Holacracy vs. hierarchy: working without managers? (2/2)
January 25, 2022
Working without hierarchies? To better understand what holacracy is all about, we turned first of all to where this trend has its roots. The idea on which holacracy is based is actually over 10 years old. In many aspects, this idea merges well with the 21st century New Work image of companies as hip places where employees find self-fulfillment and embrace agile work practices in their cool offices. In all honesty, the 2020s revolutionized the way we work in many respects, such as the rise of hybrid working models fueled by the Covid 19 pandemic, yet there are quite a few companies still stuck within their old organizational structures.
New Work with new hierarchical norms?
The majority of traditional companies operate with a hierarchical organizational structure. This means that instructions and objectives come from upper-level management and are passed onto the company’s various fields, departments and employees. A holacratically organized company takes a different approach, distributing decision-making abilities to as many of the organization’s members as possible. However, this doesn’t necessarily mean that there are no longer any hierarchies, but rather, that dynamic hierarchies emerge to serve the purpose of the task at hand.
In practical terms, that means the decision makers can change depending on the task, as opposed to assigning decision-making ability permanently to specific employees, which is common practice in rigid hierarchies. Holacracy allows for everyone to be a decision maker, and for every one to be, at some point or another, the manager. The biggest difference between holacracy and hierarchy can be found within company-wide structures.
In a nutshell, three major differences become apparent when both are compared:
- Roles: In traditional companies, every employee has a specific job. What this job entails is mostly fixed and isn’t very adaptable to new situations or developments. In contrast, a holacratic organizational structure is distinguished by its dynamic roles, with the approach being: the task at hand is more relevant than who assumes it. So the question goes from being “who is doing what” to “what has to be done” and “who can do this now”. Roles are constantly changing, along with the individuals who carry them out.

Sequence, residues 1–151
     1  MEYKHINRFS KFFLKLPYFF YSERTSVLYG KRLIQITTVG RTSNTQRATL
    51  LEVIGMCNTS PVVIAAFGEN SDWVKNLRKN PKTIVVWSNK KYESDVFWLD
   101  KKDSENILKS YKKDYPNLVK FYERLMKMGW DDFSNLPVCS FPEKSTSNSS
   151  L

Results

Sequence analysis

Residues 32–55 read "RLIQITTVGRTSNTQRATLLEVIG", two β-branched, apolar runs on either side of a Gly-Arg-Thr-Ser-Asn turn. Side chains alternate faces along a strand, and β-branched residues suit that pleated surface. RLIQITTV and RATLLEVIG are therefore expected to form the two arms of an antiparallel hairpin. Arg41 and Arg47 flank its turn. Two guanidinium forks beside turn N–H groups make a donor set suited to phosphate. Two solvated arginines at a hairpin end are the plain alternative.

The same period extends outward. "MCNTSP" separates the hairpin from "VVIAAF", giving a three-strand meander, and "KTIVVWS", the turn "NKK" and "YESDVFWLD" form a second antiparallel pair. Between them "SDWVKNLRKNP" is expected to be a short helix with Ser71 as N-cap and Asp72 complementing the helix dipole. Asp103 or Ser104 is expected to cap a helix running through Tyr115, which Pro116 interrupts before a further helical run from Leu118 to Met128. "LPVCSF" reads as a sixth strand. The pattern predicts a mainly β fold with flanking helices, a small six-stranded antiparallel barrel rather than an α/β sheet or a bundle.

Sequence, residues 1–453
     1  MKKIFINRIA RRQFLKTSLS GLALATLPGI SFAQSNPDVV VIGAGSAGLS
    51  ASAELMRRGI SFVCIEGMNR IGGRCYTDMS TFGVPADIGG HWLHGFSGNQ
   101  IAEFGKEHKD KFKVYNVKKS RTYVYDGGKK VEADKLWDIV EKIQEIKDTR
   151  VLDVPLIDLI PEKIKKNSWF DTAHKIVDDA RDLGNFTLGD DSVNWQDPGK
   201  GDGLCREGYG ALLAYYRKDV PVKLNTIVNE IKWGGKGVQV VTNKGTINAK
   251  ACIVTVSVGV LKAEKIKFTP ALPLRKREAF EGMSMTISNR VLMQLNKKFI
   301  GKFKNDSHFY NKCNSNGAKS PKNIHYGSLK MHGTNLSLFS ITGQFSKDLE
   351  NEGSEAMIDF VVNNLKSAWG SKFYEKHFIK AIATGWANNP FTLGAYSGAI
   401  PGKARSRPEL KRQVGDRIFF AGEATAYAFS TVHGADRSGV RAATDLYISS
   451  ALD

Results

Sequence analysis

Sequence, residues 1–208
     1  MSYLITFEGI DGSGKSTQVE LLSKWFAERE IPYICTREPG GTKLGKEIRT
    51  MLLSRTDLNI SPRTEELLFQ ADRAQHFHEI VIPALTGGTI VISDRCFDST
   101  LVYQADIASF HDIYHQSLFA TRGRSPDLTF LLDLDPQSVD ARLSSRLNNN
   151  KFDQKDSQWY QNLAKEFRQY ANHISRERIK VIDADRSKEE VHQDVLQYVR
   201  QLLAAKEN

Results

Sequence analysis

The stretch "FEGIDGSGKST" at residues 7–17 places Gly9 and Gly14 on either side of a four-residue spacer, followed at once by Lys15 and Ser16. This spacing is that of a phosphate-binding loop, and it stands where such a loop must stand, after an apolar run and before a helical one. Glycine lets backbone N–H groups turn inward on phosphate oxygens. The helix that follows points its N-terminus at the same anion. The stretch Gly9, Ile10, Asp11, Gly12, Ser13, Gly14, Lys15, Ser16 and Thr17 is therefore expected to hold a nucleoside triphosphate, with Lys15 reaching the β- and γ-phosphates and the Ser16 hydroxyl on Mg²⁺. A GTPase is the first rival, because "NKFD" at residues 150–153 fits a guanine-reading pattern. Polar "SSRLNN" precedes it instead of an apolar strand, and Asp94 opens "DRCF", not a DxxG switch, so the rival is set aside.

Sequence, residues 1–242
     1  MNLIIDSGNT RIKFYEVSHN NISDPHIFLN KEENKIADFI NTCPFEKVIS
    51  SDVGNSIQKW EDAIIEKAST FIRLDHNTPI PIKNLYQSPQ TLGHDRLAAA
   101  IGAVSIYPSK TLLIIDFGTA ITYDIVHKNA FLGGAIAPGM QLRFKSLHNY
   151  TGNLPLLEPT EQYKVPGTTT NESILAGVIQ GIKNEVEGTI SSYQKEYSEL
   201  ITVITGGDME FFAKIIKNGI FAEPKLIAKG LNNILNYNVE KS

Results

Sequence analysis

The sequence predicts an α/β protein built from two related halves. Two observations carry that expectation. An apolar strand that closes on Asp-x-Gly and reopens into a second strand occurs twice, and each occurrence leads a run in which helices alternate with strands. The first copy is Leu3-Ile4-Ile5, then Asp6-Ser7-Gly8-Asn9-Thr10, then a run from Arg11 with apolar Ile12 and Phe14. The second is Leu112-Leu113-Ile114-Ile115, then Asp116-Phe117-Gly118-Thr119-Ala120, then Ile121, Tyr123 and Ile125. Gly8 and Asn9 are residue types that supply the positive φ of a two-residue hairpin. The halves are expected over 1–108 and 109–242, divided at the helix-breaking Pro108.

- Authority: Holacracy is popularly described as an organizational model minus authority, which is only partially true. When managers within traditional organizations delegate authority, it’s still their word which ends up having the most clout. Authority also exists in holacracy, however, instead of being bestowed upon a certain person, it is divided up among a number of teams, with each team able to operate autonomously while maintaining communication with the other teams. This approach ensures that decisions can be made locally. Holacracy is popularly described as an organizational model minus authority, which is only partially true. When managers within traditional organizations delegate authority, it’s still their word which ends up having the most clout. Authority also exists in holacracy, however, instead of being bestowed upon a certain person, it is divided up among a number of teams, with each team able to operate autonomously while maintaining communication with the other teams. This approach ensures that decisions can be made locally.
- Rules and Bureaucracy: Even if it sounds like a cliché, there are many traditional organizations which have established guidelines comprised of both written and unwritten rules. It’s especially the latter which can lead to problems when internal power struggles arise. Holacratic forms of organization uphold transparency, all rules are openly acknowledged and are the same for everyone, which promotes working on equal terms.
Can holacracy be the New Work model of the future?
In general, there are several advantages to holacracy: faster and decentralized decision-making, a higher pace of innovation and flat hierarchies, more equality and motivation among employees, as well as higher productivity and flexibility. For the movement’s supporters, this is the working model of the future. Yet some aspects should also be viewed cautiously, albeit without necessarily wanting to have “the hierarchy” back. Critics point out a lack of interpersonal relations due to the frequent changes which occur within organizational circles or extensive coordination problems between various circles and sub-circles. In addition, some employees feel they’re being given too much free reign, or feel they have unwanted decision-making responsibilities put upon them. The organization’s accountability towards legislative authorities could also potentially create legal issues.
These arguments may well be the reason why so few German companies have managed to implement a holacratic organizational model. On one hand, it’s considerably difficult to change the existing corporate structure in established companies. Many employees are skeptical when it comes to changes and managers are not often very willing to give up their leadership roles and executive authority. However, the increase of project work can be viewed as a tiny step towards holacracy, since this type of work tends to experiment with flexible structures. It’s not surprising that especially startups and NGOs are able to swiftly react to changes and maintain their innovativeness in dynamic market conditions, making them more open to alternative structures. A great example of this are the pioneers from our namesake, Einhorn (German for unicorn). Since 2019, they’ve been integrating holacratic elements into several areas of their day-to-day business, for example, by changing their approach to teamwork, salaries and working times.